Package maintenance at the command line


You can use debman (Figure 5) to quickly locate and display the man page associated with a particular package. The package is followed by the version, or, if you do not want a specific version, by a repetition of the package name. Any local environment variable like $MANPATH is ignored. Instead, the specified package is extracted to a temporary directory and used to retrieve its man pages. With the -p option, the named package will be downloaded from the repositories; the -f option downloads the local .deb file.

Figure 5: Use debman to locate and display a package's man page.


Using debmany (Figure 6), you can create a list of man pages associated with a package and then select and display them one at a time. You can choose to display a page in a viewer of your choice that can read files with a .gz extension using the -k option in KDE's Plasma, the -g option in Gnome, or the -x option in Xfce, Gnome, or Plasma. Another viewer can also be set with -m VIEWER. Similarly, although English is the default language, another language can be set using -l followed by a standard two-letter abbreviation such as fr for French or de for German. With any of these options, you can also use -L LENGTH to set a length limit specified in K (kilobytes), M (megabytes), G (gigabytes), or T (terabytes). Although, practically speaking, being text, man pages are short enough that the last three set no practical limit.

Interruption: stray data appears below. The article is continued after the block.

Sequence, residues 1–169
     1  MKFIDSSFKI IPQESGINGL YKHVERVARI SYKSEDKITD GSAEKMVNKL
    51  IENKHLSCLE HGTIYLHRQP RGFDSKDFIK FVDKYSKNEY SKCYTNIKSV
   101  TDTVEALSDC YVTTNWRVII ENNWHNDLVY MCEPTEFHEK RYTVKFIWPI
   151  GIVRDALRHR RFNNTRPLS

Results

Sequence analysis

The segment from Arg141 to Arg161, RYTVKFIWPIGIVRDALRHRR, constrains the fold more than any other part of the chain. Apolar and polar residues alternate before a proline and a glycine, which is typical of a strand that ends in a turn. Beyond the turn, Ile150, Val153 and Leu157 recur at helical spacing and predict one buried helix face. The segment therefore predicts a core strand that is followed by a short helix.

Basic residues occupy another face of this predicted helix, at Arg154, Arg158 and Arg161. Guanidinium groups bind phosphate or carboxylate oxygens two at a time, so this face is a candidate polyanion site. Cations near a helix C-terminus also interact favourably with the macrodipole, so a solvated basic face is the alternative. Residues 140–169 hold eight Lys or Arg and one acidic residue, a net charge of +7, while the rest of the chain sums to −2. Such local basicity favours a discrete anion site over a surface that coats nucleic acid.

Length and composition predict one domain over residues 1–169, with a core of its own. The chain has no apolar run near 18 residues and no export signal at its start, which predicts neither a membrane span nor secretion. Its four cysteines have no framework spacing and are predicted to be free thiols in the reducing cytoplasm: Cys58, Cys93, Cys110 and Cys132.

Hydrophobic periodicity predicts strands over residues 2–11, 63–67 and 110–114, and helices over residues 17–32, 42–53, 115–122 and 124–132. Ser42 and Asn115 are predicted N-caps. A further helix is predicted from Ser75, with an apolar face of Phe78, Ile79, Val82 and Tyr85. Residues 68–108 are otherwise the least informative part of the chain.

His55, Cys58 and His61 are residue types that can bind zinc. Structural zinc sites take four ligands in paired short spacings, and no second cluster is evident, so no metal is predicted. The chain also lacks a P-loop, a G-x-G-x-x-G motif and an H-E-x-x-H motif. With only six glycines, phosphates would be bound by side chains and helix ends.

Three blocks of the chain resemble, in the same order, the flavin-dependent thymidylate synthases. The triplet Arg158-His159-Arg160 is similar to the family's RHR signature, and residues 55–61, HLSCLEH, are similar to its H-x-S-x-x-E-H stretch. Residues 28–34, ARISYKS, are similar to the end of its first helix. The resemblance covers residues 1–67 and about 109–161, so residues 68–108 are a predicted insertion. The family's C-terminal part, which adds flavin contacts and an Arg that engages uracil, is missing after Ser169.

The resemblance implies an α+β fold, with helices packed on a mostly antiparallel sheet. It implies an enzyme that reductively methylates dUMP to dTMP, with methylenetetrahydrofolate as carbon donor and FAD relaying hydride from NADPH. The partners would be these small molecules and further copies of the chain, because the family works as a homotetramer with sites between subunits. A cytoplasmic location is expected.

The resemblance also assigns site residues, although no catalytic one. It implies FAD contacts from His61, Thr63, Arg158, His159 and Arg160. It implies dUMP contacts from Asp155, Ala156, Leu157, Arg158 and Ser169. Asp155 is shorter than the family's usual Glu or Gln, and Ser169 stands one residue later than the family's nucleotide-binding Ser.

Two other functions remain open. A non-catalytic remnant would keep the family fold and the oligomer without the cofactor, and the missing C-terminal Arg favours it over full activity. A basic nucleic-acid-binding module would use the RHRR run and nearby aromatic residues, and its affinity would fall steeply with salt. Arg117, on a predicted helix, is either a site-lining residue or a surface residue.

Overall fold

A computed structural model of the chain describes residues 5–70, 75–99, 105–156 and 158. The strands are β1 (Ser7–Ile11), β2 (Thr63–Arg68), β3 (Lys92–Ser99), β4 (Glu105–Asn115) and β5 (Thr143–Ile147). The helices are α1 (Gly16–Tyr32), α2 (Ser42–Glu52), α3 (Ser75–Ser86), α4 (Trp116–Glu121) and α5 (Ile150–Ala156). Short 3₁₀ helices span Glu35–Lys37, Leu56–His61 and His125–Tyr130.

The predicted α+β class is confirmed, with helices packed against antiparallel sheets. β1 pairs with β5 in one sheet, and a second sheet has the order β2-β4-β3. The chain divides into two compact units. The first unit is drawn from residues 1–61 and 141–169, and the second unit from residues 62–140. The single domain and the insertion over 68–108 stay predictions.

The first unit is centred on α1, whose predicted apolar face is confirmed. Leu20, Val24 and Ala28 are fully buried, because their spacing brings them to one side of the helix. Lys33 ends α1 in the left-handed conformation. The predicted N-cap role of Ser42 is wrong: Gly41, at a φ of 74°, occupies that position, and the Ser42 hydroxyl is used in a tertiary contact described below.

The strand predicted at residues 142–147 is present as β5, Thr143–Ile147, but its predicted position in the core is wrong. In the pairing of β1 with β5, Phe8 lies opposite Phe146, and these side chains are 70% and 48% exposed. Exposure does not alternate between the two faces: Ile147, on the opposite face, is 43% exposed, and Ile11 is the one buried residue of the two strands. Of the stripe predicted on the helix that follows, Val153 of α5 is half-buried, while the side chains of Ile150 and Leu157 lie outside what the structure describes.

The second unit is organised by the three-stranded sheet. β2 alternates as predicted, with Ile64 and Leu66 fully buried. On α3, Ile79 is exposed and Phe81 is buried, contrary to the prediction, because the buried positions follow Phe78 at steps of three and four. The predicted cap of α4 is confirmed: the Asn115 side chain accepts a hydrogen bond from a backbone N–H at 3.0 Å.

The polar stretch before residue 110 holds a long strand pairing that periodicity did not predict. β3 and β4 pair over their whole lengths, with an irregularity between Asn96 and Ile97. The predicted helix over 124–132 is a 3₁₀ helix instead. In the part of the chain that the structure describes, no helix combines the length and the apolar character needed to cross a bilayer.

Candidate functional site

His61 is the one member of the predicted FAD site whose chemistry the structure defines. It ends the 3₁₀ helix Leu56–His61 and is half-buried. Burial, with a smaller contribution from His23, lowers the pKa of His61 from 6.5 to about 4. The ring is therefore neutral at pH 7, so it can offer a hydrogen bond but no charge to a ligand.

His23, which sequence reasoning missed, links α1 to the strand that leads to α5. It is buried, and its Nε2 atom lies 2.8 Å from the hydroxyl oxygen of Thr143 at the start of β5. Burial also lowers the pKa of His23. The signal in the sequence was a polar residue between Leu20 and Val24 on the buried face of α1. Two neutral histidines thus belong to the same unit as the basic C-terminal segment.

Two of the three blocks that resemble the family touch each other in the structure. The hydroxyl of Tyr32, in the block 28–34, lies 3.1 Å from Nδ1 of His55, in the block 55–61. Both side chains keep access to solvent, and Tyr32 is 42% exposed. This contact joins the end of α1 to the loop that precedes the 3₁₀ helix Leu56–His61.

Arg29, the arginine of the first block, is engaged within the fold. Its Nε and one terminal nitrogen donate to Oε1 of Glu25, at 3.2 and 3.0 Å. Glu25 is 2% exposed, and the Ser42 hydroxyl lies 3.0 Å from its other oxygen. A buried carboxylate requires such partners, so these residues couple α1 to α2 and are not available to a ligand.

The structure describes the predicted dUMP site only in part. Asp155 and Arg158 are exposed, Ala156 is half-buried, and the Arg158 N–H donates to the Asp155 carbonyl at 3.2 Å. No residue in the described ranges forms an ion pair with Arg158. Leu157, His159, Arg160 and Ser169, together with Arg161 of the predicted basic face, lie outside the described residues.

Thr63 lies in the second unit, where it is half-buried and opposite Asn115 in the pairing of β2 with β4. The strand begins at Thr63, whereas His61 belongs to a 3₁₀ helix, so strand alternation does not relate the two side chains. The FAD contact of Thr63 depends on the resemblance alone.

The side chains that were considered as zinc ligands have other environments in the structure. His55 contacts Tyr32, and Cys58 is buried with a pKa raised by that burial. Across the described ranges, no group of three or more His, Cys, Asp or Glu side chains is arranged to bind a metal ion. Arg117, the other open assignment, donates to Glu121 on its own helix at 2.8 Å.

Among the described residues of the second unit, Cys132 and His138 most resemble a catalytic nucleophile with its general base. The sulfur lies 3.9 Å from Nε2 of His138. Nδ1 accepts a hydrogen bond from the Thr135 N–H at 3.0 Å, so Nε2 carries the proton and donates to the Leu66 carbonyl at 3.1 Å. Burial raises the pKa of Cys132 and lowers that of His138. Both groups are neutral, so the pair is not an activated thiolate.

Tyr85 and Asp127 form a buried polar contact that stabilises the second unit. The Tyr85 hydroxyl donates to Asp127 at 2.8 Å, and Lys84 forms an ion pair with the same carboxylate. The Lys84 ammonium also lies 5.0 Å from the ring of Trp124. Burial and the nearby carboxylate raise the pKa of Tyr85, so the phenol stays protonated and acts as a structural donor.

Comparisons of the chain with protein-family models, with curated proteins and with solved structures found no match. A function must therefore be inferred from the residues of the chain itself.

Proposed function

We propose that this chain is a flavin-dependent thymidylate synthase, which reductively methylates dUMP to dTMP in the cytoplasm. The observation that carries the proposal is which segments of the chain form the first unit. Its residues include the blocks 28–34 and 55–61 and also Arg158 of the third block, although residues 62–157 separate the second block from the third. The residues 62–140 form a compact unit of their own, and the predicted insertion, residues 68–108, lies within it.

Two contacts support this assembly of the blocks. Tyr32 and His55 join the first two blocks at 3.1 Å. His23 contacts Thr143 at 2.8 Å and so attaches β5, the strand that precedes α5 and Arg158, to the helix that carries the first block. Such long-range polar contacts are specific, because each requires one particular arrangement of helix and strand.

Figure 6: With debmany, you can generate a list of all the man pages associated with a package and then select the ones to view.


The check-enhancements script (Figure 7) lists any packages that add functionality to a package but are not required to run it. This relationship is indicated by the fact that, if the --verbose option is used, results begin with "Could be enhanced by." The other options are --installed-packages (-installed-packages, -ip, --ip), which displays the enhancements for installed packages, and --installed-enhancements (-installed-enhancements, -ie, --ie), which displays results by enhancements. If no package or enhancement is entered, then the results for every package or enhancement are listed, a process that can take some time and may well be pointless, because the majority of packages on a typical system do not have enhancements. If an enhancement is available but uninstalled, a possible installation candidate is given.

Figure 7: Using check-enhancements lists packages that add functionality to a package but are not required to run it.

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